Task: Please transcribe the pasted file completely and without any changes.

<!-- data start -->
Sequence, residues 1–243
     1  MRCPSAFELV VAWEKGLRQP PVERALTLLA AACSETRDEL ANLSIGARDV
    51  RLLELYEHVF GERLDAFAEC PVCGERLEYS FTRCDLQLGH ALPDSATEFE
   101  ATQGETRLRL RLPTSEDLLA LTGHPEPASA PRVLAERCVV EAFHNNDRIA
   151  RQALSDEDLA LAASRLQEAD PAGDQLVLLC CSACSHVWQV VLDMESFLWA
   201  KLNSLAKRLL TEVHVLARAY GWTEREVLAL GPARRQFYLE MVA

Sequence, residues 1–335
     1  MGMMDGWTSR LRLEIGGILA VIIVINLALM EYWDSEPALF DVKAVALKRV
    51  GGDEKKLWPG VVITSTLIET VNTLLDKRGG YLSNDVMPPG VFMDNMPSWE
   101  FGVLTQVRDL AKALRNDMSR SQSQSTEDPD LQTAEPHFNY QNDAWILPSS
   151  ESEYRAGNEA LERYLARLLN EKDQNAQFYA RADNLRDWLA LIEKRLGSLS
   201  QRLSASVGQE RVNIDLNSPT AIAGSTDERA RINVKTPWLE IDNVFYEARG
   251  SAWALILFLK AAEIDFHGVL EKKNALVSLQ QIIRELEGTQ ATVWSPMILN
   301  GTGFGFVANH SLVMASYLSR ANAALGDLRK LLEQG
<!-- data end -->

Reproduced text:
Sequence, residues 1–243
     1  MRCPSAFELV VAWEKGLRQP PVERALTLLA AACSETRDEL ANLSIGARDV
    51  RLLELYEHVF GERLDAFAEC PVCGERLEYS FTRCDLQLGH ALPDSATEFE
   101  ATQGETRLRL RLPTSEDLLA LTGHPEPASA PRVLAERCVV EAFHNNDRIA
   151  RQALSDEDLA LAASRLQEAD PAGDQLVLLC CSACSHVWQV VLDMESFLWA
   201  KLNSLAKRLL TEVHVLARAY GWTEREVLAL GPARRQFYLE MVA

Sequence, residues 1–335
     1  MGMMDGWTSR LRLEIGGILA VIIVINLALM EYWDSEPALF DVKAVALKRV
    51  GGDEKKLWPG VVITSTLIET VNTLLDKRGG YLSNDVMPPG VFMDNMPSWE
   101  FGVLTQVRDL AKALRNDMSR SQSQSTEDPD LQTAEPHFNY QNDAWILPSS
   151  ESEYRAGNEA LERYLARLLN EKDQNAQFYA RADNLRDWLA LIEKRLGSLS
   201  QRLSASVGQE RVNIDLNSPT AIAGSTDERA RINVKTPWLE IDNVFYEARG
   251  SAWALILFLK AAEIDFHGVL EKKNALVSLQ QIIRELEGTQ ATVWSPMILN
   301  GTGFGFVANH SLVMASYLSR ANAALGDLRK LLEQG